After three successive eruptions, and consequent accumulations, the island emerged from the ocean as an imposing triangular pyramid crowned by a volcano more than 2,000 metres high.
The initial crevices became channels for further lava flows which grew into three mountain ridges topped by numerous volcanic cones. While the magma cooled in these channels, it solidified into gigantic vertical basalt dykes, typical of the geological architecture of El Hierro.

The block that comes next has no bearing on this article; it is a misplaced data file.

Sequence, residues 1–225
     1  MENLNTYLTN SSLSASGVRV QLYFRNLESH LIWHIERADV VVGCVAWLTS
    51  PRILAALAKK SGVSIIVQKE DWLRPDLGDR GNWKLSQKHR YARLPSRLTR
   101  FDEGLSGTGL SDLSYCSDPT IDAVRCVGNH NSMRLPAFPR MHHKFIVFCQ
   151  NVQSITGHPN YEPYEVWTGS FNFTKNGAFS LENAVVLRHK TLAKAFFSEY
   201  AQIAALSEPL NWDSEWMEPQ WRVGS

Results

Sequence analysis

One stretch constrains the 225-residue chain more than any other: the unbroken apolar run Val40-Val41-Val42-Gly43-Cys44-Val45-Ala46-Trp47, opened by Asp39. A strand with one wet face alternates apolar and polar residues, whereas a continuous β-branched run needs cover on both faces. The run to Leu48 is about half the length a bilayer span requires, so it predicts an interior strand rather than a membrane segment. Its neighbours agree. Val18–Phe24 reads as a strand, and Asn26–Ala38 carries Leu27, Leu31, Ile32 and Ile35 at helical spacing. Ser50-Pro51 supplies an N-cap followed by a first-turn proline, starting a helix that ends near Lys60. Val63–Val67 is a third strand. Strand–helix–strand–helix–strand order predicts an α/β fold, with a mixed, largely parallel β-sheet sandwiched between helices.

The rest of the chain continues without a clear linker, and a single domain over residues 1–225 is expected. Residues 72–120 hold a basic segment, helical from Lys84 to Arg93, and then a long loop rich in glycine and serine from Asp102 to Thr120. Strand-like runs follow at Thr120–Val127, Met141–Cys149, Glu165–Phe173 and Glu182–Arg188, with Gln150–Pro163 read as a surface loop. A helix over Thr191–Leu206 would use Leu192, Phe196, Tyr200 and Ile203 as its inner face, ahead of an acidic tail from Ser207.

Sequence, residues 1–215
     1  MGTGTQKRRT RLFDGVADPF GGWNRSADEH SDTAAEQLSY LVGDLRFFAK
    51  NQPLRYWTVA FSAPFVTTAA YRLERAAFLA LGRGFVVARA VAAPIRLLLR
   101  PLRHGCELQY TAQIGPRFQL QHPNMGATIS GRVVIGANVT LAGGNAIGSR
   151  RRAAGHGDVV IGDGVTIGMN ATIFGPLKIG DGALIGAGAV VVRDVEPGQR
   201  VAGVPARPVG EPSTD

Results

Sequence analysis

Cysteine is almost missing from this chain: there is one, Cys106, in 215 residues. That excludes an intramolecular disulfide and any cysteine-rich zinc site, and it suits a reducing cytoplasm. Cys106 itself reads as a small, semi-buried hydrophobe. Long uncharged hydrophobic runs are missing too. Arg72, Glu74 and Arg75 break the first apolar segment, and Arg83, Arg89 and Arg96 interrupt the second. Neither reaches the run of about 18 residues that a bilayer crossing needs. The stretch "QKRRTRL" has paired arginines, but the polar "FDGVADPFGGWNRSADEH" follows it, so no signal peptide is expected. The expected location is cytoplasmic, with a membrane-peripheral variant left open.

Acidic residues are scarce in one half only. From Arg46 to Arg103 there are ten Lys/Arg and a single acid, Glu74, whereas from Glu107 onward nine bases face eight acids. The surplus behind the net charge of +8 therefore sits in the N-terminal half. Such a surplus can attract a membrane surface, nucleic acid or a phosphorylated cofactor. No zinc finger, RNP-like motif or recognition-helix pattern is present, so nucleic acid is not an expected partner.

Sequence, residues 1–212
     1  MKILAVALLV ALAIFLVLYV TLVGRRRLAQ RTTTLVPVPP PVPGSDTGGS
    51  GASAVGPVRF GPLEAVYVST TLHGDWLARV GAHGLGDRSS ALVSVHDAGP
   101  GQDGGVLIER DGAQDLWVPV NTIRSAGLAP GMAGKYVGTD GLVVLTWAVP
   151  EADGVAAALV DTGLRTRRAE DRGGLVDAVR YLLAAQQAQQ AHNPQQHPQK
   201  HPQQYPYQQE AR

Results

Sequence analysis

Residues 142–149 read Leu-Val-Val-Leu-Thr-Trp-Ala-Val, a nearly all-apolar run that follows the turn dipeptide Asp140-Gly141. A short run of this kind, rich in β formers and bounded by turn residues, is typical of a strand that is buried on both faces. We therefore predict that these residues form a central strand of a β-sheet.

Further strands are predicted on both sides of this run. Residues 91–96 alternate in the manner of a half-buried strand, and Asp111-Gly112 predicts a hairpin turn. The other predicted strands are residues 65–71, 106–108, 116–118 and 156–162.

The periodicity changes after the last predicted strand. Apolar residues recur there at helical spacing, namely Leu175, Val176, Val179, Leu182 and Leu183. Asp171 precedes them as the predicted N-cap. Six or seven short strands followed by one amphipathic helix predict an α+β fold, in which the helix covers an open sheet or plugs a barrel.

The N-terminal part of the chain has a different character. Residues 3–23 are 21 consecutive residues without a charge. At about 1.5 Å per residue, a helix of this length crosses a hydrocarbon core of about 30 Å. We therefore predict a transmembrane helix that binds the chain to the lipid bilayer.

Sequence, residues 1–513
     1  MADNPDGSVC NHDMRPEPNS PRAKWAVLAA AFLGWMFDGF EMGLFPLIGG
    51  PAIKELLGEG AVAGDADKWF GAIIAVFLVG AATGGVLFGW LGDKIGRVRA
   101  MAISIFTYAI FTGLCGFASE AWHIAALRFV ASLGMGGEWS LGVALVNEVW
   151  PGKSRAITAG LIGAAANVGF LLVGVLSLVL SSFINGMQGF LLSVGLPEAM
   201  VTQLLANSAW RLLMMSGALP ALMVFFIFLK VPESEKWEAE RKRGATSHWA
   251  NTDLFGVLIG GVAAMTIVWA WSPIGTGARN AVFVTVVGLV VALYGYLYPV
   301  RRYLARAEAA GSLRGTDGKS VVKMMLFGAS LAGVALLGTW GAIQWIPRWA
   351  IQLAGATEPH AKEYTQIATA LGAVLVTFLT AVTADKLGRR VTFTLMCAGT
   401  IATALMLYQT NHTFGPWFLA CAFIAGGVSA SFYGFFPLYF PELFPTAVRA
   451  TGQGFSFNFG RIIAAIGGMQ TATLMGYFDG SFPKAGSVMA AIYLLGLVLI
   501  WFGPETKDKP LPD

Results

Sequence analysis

The volcanic activity, principally at the convergence of the three ridges, resulted in the continual expansion of the island. A mere 50,000 years ago, as a result of seismic tremors which produced massive landslides, a giant piece of the island cracked off, crashed down into the ocean and scattered along the seabed.